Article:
- Turmeric (spice) --bright yellow

- Oxallis - the one with the yellow flowers. Use the flower heads, some stem ok. It is nearly fluorescent yellow, and quite colorfast on alum mordanted wool.

- Dahlia Flowers (Red, yellow, orange flowers) make a lovely yellow to orange dye for wool.

- Mulga Acacia -(flowers) - yellow

- Sunflowers - (flowers) - yellow

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Patchwork Merchant Mercenaries had its humble beginnings as an idea of a few artisans and craftsmen who enjoy performing with live steel fighting. As well as a patchwork quilt tent canvas. Most had prior military experience hence the name.

 

Patchwork Merchant Mercenaries.

 

Vendertainers that brought many things to a show and are know for helping out where ever they can.

As well as being a place where the older hand made items could be found made by them and enjoyed by all.

We expanded over the years to become well known at what we do. Now we represent over 100 artisans and craftsman that are well known in their venues and some just starting out. Some of their works have been premiered in TV, stage and movies on a regular basis.

Specializing in Medieval, Goth , Stage Film, BDFSM and Practitioner.

Patchwork Merchant Mercenaries a Dept of, Ask For IT was started by artists and former military veterans, and sword fighters, representing over 100 artisans, one who made his living traveling from fair to festival vending medieval wares. The majority of his customers are re-enactors, SCAdians and the like, looking to build their kit with period clothing, feast gear, adornments, etc.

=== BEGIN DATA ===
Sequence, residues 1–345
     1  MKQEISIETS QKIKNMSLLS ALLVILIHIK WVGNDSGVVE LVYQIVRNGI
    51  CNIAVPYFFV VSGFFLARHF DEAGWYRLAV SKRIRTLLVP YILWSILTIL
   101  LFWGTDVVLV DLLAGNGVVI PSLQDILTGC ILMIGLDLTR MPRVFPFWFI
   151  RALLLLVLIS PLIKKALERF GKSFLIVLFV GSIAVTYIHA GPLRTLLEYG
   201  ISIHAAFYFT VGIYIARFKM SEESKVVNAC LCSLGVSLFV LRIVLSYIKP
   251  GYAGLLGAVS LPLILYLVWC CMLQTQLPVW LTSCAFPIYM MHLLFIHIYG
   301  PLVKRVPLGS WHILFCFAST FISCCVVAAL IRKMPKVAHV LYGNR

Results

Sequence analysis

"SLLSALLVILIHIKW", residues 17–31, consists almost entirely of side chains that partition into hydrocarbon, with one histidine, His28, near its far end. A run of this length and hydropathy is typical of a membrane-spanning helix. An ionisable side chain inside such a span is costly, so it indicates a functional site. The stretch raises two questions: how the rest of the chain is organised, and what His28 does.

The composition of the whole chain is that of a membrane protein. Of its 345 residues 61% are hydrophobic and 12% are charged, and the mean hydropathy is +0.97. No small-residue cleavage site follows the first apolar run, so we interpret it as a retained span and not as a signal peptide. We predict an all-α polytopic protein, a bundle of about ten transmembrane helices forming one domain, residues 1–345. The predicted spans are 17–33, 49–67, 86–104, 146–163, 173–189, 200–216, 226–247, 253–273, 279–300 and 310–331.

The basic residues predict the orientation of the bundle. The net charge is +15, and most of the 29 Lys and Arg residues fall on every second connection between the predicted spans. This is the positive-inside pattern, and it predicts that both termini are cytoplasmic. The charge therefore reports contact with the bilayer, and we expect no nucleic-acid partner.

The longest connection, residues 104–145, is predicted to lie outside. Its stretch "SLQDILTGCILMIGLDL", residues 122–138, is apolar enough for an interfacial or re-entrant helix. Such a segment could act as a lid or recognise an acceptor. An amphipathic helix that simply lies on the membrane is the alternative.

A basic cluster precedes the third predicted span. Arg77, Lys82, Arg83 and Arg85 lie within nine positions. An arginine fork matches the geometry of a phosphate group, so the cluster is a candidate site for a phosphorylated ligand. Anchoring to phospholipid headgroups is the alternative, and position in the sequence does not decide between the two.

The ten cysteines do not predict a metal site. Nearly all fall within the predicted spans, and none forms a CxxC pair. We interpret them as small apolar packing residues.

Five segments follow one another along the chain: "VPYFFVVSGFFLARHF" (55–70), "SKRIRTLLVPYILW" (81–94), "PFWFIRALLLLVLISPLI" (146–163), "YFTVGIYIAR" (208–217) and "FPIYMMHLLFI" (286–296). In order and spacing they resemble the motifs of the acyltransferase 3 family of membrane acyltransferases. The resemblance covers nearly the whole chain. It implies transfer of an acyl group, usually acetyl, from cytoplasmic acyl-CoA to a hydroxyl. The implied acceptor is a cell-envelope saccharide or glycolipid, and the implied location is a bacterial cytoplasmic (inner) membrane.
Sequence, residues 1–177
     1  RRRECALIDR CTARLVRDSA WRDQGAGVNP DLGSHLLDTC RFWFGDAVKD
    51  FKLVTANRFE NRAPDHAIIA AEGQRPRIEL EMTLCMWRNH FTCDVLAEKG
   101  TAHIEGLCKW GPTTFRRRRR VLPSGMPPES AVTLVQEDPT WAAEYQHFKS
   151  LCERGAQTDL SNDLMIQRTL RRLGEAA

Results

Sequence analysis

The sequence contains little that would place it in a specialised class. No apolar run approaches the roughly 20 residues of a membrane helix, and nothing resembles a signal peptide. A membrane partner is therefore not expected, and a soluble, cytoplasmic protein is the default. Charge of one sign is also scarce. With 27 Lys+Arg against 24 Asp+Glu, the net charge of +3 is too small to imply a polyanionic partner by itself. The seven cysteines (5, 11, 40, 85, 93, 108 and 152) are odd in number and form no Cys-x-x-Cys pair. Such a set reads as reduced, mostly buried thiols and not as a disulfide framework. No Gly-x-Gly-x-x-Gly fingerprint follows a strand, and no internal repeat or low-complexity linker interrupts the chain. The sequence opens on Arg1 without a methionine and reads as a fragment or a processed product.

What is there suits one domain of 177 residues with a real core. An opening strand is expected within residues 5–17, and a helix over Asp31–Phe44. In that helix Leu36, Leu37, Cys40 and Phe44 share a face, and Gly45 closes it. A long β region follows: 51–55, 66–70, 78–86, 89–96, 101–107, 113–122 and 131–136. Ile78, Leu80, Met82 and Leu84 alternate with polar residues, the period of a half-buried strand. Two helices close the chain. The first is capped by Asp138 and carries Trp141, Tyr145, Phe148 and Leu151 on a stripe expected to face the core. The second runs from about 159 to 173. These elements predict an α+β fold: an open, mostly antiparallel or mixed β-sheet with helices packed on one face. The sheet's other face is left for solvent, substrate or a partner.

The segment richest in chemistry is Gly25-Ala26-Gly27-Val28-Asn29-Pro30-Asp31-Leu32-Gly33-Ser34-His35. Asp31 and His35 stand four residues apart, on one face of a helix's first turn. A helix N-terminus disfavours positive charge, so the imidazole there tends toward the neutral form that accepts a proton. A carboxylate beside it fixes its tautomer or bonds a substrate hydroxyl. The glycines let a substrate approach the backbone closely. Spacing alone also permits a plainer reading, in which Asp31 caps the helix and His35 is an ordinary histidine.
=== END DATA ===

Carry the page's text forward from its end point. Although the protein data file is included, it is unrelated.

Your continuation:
Likewise, it is typical for these history-lovers to peruse the tent (aka mobile store front) and, upon finding something that pleases the eye, ask "Is this period?"

A deceitful query!! This is not a yes or no question. One must have a damn good understanding of European history (at least) from the fall of Rome to the mid-1600's to properly answer. Taking into account, also, the culture in which the querent is dressed is vitally important. You see, though it may be well within medieval period, it would be strange to see a Viking wearing a Caftan...or is it?

After a festival's time of answering weighty questions such as these, I'd sleep like a log! Only a mad man could possibly remember the place and time for each piece of kitchen ware, weaponry, cloth, and chain within a span of 1,000 years!! Surely there must be an easier way, a place where he could post all this knowledge...

Traveling Within The World is meant to be such a place. A place for all of these artists to keep in touch and directly interact with their fellow geeks and re-enactment hobbyists, their clientele.